This continues on nicely from yesterday’s post about preparing and training your mind for ‘battle’ with suffering. It feels a bit odd using so many war analogies to explain the peaceful, pacifist tradition of Buddhism…but hopefully it’s helping to make the points clearer.
If you’re taking on an opponent, the more you know about who you’re going up against, the more likely you are to succeed. For example, if you’re duelling with someone where you know all their strengths and weaknesses, you’ll be able to formulate a much more effective strategy for overcoming them. By contrast, if you know nothing about them, then it’s literally a stab in the dark, and you’re much less likely to hit your target.
It’s the same with tackling negative mental states, according to the Dalai Lama, and it’s better to look into your problems, as opposed to running from them.
Personally, the last thing I want to do is actually think about any problems that might be playing on my mind - I’d much rather avoid them. But I think we all know from experience that if we attack them head on, and take the time to see what it actually is that’s causing us stress, then it makes everything seem so much clearer, and we generally feel better about the situation as a result.
A lot of the time, it’s something that’s not as big a deal as it seemed, and reflecting on the issue and understanding why it’s disturbing your peace of mind can help in easing any pain it’s causing you. If we avoid it, then it’s still lingering there in the back of our mind, and we haven’t made any progress in solving the problem.
“Alone in my room and the tears start pouring, wishing the night was still the morning. But tonight, imma let them fall down, fall down”
I feel like there are lots of songs that would suit this teaching, but I went with Mabel’s ‘OK (Anxiety Anthem)’. In it she confronts her anxiety, something that will be covered in more depth later on in this project. It’s a super inspiring ode to being open with yourself about your feelings, and accepting them without judgment.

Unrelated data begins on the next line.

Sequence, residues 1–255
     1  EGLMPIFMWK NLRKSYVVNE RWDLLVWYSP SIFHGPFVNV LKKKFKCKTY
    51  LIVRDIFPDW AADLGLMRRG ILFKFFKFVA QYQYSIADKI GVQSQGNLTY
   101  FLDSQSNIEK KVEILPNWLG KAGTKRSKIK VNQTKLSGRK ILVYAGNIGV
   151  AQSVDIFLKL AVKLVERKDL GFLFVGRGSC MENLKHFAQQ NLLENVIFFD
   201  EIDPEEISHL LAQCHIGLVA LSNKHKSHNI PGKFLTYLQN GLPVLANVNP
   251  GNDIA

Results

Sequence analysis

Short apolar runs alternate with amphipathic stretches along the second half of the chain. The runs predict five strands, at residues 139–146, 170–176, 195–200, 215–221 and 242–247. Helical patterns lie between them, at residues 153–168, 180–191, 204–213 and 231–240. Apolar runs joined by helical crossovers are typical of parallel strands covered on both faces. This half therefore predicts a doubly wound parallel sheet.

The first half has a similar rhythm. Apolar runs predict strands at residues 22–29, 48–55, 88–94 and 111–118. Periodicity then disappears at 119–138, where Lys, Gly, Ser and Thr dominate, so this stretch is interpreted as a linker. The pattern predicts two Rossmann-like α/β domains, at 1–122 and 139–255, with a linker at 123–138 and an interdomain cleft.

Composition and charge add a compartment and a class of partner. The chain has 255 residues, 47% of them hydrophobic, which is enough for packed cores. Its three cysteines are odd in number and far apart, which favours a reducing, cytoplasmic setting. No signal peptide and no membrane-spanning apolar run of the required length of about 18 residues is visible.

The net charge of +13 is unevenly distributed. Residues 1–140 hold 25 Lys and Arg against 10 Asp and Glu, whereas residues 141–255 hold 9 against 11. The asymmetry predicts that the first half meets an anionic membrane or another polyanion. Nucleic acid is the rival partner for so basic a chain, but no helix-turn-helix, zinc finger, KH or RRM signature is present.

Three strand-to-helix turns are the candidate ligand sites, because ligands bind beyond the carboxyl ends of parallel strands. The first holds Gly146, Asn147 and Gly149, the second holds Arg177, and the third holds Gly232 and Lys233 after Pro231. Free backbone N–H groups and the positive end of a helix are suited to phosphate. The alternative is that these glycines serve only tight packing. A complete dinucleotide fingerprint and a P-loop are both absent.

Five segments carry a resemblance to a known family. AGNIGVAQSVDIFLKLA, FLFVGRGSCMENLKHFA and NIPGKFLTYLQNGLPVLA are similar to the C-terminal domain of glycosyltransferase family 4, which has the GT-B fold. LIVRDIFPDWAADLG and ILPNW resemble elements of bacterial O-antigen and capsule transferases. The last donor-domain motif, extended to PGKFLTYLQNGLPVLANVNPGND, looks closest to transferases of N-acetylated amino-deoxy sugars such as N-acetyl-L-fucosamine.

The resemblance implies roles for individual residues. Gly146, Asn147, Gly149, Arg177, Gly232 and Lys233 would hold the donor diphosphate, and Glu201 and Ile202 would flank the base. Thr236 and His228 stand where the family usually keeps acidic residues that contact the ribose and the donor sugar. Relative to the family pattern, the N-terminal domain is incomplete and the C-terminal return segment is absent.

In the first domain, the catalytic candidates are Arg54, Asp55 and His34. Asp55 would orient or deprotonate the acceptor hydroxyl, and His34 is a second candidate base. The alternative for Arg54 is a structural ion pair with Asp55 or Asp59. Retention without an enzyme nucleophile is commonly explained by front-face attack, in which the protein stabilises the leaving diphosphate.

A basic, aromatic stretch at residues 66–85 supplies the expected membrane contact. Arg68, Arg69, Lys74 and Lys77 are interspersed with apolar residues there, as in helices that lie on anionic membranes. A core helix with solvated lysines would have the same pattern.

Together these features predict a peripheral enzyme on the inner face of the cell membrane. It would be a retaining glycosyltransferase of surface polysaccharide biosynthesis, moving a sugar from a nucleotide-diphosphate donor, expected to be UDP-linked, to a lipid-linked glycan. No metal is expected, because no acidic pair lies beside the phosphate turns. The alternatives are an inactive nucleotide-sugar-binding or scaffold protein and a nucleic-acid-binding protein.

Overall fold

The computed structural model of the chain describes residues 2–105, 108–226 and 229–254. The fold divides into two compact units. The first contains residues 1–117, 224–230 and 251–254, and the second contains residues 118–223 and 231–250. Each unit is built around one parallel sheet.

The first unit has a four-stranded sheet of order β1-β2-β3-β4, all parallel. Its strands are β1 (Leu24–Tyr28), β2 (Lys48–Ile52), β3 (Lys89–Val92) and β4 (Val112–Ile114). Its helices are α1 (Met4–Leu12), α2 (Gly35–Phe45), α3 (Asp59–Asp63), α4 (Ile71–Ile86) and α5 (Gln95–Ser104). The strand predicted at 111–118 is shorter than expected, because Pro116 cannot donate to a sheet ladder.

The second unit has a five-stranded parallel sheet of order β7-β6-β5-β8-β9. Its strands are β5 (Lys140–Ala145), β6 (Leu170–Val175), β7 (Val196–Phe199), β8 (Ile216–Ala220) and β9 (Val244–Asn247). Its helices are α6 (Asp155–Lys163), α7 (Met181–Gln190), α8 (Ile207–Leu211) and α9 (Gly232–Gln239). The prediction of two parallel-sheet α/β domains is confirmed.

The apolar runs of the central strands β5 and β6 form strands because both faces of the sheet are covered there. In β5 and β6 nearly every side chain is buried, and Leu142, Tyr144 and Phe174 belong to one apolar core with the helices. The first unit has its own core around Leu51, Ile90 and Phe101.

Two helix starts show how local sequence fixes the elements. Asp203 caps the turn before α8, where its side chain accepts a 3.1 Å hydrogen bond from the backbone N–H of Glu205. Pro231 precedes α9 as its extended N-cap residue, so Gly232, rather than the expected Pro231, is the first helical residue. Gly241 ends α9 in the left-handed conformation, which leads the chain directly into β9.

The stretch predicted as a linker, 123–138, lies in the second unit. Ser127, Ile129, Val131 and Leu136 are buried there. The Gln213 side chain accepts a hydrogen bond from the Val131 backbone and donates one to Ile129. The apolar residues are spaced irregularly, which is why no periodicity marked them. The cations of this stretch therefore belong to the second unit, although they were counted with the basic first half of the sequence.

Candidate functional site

“‘Cause it's okay not to be okay, it’s okay if you feel the pain, don’t gotta wipe your tears away”
This builds again on yesterday’s post, because it’s again centred around the idea of accepting the pain you feel, and not being ashamed about it. Because from this starting point the Dalai Lama says it’s so much easier to then tackle the pain from the root upwards and nip it in the bud.
“So what do I do? Just wear it on my sleeve”
I also love this song because it ends on a really uplifting note of optimism, which is especially important during times like these, where all the uncertainty and turmoil can make the whole COVID-19 situation feel a bit hopeless.
Even though it might hurt more initially by confronting our problems head on, it’s worth it in the long-run, and it’ll no longer feel as though we’re bottling something up and having to hide how we’re feeling. That’s the theory at least, so let’s see if it works!
“It's fine, you're allowed to break, as long as you know, as long as you know, everything’s gonna be okay”